Upamanyu's mother had told him that Shiva lived in the Himalaya, and to the Himalaya his thoughts were now directed: remembering the mantra, Om Namah Shivaya, Upamanyu burned every world in profound sacrifice. Parvati and Shiva were amazed at the power of this baby, and desired to test the limits of the baby. Appearing before mother and child, disguised as Indra and Indrani, they said "we, Indra and Indrani are extremely pleased by your devotion. Stop worshiping Shiva, we will fulfill all your desires." Upamanyu would not stop; so the disguised Shiva and Parvati began to malign Shiva - Upamanyu became furious with them, and, directing himself against them, attacked who he believed was Indra and Indrani. Shiva and Parvati at this moment revealed themselves, and blessed Upamanyu, and promised Upamanyu he and Parvati would remain in the vicinity of Upamanyu's hermitage forever. This is how Shiva gained the name Sureshwar - for he appeared in the disguise of Indra.
Hunter - manifestation by seeking
When the Pandava Brothers lost their Kingdom to Duryodhan in the gamble, they went into the forest to live with their wife Draupadi. There, Krishna advised them to manifest Shiva - but they neglected that advice, and their distress increased. Later, Vyas instructed Arjuna in the Parthiva, making linga out of soil. Arjuna performed the Parthiva to honor Indra with such success that it burnt every world. Indra was asked by the beings of every world to give Arjuna whatever he wanted, to prevent the fire from consuming everything. But Indra told Arjuna he could not grant him the victory desired - for Aswatthama had partially manifested Shiva. But he would give him some of his bodyguards. Before leaving Arjuna, Indra advised Arjuna to manifest Shiva. When Arjuna stood on one leg and meditated upon the sun, at the moment he manifested Shiva, he was disturbed by a noise - a demon, named Mooka, disguised as a boar, was going to attack him! At that moment, he saw the boar chased by a hunter, who was none other than Shiva in disguise. Both Arjuna and Shiva killed the boar with their respective arrows simultaneously. Shiva sent his Ganas to retrieve the boar and his arrow - at the same time, Arjuana went to bring back his arrow and the boar. He began to argue with the Ganas, and then challenged Shiva to a duel (not knowing it was Shiva he was challenging). Shiva would not at first accept the challenge, and instead had his Ganas fight Arjuna. But Arjuna defeated them all. Shiva had to rescue his Ganas, and while fighting with Arjuna revealed himself: Arjuna immediately stopped fighting, and was ashamed he was fighting the one whose help he was seeking. Shiva consoled him, and gave his weapon, Pashupat, to Arjuna.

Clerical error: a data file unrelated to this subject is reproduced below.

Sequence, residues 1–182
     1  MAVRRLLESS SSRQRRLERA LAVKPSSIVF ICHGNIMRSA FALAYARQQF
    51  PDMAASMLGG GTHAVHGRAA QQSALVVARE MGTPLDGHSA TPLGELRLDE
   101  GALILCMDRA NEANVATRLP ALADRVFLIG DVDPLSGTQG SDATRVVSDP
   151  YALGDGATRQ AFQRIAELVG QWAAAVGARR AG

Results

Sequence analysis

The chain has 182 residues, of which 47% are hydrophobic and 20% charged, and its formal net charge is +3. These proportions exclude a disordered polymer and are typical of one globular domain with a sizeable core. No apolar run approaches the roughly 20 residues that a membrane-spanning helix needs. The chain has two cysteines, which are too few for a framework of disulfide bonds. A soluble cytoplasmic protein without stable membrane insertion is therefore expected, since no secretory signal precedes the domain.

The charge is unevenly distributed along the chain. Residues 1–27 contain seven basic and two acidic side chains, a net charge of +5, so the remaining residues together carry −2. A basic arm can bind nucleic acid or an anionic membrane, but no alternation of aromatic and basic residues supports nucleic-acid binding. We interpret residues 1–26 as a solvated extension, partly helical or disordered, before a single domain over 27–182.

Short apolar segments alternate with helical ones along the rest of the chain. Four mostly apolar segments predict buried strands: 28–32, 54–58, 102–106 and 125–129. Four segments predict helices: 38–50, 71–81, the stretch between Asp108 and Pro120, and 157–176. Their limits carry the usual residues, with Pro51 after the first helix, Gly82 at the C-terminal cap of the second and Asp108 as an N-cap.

Manifestation by pilgrimage
Sut said there are 12 Jyotirlingas, or devotional objects of Shiva, for pilgrimage. Somnath in Saurashatra, Mallikarjuna in SriShail, Mahakal in Ujjain, Amareshwar in Omkar, Kedar in the Himalaya, Bheemashankar on the banks of the Mahakal river, Vishwanath in Varanasi, Trayambakeshwar on the banks of the Gaurtami river, Baidyanath at Chitabhumi, Nagesh between Darukvan dwarika and Bhet dwarika, Rameshwar at Betubandh, and Dhushmesh in Shivalaya. Of these, pilgrimage to Somnath can destroy the sorrow of birth, and the distress of disease. Pilgrimage to Mallikarjuna destroys desire, permitting achievement and becoming. As does Ujjain. Touching the linga of Omkar permits the nurturing of action into fruition. The journey, the interaction, with these Jyotirlingas, understanding the location's significance, is what permits manifestation.
When Shiva was manifested for the Sixth time, at Bheema Shankar, to destroy the demon Bheema, this was at a place called Kamarupa in Assam. The Seventh manifestation was at Vishwanath at Kashi - pilgrimage here fulfills the desire of humanity. Shiva was manifested for the Eighth time on the banks of the river Gautami by the sage Gautam. Pilgrimage here to fulfil the desire of humanity. The devotee who pilgrimages to Baidyanath at Deoghar in Bihar, which King Ravana established, permits enjoyment - this is why it is also known as Kamanalinga. Devotees will carry the holy water of the Ganges from Sultanganj and the idol of Baidyanath in the months of Shravan and Bhadrapaksha.
Shiva was manifested a tenth time to destroy the demon Daruk, who lived in the Daruk forest. A devotee who pilgrimages to Nagesh never faces calamity. The eleventh manifestation was on at the Rameshwar linga, which was established by Rama while the bridge over the sea was built. The twelfth manifestation of Shiva, as Dhumeshwar, was after being pleased by Dhushma (the wife of Sumdha). Pilgrimage there permits accomplishment.